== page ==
Shortly after President Rodrigo Duterte declared martial law in Mindanao on May 23, many of the country’s leading business leaders immediately issued statements supporting the president’s surprise move. That came in reaction to attacks in Marawi City staged by the Maute group, a violent Muslim separatist group that has reportedly pledged allegiance to the Islamic State (ISIS), the terror group operating in Iraq and Syria.
George Barcelon, president of the Philippine Chamber of Commerce and Industry (PCCI), the country’s biggest grouping of business owners, issued a statement expressing confidence that “this drastic and firm action by our President should send a clear message to radical groups that for such heinous crimes they will suffer the consequences, after which things should normalize.”
While acknowledging that some businessmen are concerned, Barcelon said the group has “faith in our President's firm control and determination to eliminate the threats and to protect the entire community. Hopefully the issues will be resolved as quickly as possible with minimum loss of lives and properties.”
President Rodrigo Duterte signs the report he submitted to Congress for declaring martial law and suspending the writ of habeas corpus in Mindanao on May 25, 2017
Whether the business leaders are proven right or not in supporting martial law remains to be seen, especially amid worries about a possible rise in human rights abuses by the police and military. However, it’s not hard to see why many of them are doing so.
In the past year or so, there has been no letup in the number of violent incidents linked to various Muslim insurgent or rebel groups which have affected companies and businesses as major targets, according to data gathered from Pacific Strategies & Assessments (PSA), a regional security consultancy with offices in Manila, Shanghai, Hong Kong, Sydney and Dubai. (See infographic)
Each month, PSA prepares a “Philippines Muslim Insurgency Report” that lists incidents such as attacks, encounters as well as arrests and sightings in the Philippines linked to various Muslim separatist rebel groups. The reports are distributed to clients such as banks, oil and gas companies, mining operators, manufacturers and power and energy providers to help them improve security for their personnel operating in Mindanao and other parts of the country.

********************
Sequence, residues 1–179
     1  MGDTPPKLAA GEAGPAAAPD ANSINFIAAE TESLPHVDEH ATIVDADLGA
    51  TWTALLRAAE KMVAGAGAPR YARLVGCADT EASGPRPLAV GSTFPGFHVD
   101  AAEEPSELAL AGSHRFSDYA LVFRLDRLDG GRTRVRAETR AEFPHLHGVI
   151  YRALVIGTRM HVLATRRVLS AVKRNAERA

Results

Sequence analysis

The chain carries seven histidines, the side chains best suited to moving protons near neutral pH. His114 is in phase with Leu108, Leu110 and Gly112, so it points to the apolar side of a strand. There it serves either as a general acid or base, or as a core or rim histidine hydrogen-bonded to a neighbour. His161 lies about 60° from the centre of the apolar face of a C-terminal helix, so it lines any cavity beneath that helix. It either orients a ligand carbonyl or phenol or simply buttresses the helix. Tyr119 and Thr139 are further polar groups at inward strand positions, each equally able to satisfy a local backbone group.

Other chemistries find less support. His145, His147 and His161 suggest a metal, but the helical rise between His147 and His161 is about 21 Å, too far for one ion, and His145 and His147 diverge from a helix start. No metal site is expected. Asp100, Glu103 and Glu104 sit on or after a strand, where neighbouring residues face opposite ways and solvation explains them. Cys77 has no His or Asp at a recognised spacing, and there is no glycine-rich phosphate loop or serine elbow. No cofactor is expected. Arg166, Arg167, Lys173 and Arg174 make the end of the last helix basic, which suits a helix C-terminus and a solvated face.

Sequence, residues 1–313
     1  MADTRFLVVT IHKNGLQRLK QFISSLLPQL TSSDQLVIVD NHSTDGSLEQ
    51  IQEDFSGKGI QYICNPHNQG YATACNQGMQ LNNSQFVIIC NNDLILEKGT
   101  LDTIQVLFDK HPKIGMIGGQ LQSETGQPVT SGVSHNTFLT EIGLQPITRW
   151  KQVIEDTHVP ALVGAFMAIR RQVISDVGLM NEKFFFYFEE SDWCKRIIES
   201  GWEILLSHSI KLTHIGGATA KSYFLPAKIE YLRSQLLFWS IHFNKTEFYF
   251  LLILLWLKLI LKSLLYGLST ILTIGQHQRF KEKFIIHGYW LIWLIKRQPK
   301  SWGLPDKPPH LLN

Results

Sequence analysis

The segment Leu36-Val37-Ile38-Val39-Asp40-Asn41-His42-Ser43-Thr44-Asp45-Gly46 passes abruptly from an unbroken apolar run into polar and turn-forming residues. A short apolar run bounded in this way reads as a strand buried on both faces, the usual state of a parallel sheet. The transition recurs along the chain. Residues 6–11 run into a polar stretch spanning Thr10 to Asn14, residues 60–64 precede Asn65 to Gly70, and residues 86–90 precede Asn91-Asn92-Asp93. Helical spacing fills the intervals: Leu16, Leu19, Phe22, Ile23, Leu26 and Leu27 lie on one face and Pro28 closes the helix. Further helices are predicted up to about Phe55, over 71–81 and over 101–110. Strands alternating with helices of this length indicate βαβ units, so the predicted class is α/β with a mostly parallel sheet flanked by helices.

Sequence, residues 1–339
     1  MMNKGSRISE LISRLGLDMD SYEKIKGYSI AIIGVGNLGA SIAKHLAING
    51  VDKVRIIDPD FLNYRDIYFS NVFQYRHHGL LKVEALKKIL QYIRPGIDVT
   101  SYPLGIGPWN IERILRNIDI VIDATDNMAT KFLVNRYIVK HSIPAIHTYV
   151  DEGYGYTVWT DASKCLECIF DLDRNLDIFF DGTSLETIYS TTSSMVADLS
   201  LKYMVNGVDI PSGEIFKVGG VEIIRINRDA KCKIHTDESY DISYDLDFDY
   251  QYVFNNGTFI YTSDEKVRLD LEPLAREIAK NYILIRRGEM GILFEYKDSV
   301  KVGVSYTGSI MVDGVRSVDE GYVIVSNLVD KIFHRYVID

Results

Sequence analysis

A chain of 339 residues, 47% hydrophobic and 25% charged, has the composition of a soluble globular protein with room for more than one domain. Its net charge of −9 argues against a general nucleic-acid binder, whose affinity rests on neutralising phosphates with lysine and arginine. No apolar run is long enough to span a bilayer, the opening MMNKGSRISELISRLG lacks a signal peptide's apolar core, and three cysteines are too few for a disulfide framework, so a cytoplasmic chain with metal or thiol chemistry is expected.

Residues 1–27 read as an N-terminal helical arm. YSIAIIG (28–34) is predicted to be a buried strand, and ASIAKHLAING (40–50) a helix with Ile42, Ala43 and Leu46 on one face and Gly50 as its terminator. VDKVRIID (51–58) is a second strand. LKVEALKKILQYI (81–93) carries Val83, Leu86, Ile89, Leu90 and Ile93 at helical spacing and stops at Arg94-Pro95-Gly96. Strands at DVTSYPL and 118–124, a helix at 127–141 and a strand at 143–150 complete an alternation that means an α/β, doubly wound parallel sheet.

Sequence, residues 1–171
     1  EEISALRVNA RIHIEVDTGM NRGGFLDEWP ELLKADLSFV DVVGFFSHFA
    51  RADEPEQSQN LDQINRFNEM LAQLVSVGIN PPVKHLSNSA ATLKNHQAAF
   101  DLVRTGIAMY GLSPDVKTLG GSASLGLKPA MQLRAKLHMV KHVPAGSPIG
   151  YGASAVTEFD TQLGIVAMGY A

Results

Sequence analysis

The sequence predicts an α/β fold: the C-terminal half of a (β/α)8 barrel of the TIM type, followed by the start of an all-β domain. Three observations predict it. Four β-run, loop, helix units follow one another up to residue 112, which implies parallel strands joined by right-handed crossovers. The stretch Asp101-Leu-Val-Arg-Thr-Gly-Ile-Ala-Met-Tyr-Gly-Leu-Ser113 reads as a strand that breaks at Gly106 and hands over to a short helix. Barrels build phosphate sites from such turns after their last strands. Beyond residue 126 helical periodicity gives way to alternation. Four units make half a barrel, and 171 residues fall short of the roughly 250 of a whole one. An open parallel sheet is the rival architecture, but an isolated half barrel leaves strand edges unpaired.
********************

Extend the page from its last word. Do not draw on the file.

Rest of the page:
A compilation of the data from PSA’s monthly reports in the past year or so shows that the number of Muslim insurgency incidents continues unabated despite the deployment of more military and police resources to subdue the Abu Sayyaf and other extremist groups.
The data also shows that about six percent of the attacks mounted by these extremist groups were directed at businesses and companies, making them the third biggest target group after the military and police, and civilians and private property owners.
Interestingly, the data also show that the number of Muslim insurgency incidents rose shortly after Duterte placed the Philippines under a state of national emergency on account of lawless violence in September 2016. The declaration followed the bombing in a night market in Davao City that killed 15 people and wounded at least 70 others in September 2016.
Under the proclamation, the Armed Forces of the Philippines and the Philippine National Police were directed to subdue all forms of lawless violence in Mindanao.
Yet data shows that insurgency incidents increased by seven percent a month after the declaration was made, and further climbed to a nine-month-high December 2016, with 69 recorded cases. The number of incidents subsequently fell in January and February 2017 but rose again in March.
Will martial law fare better than a state of national emergency in curbing violent incidents in Mindanao?
Pauline Macaraeg is Entrepreneur PH's data journalist. Follow her on Twitter @paulinemacaraeg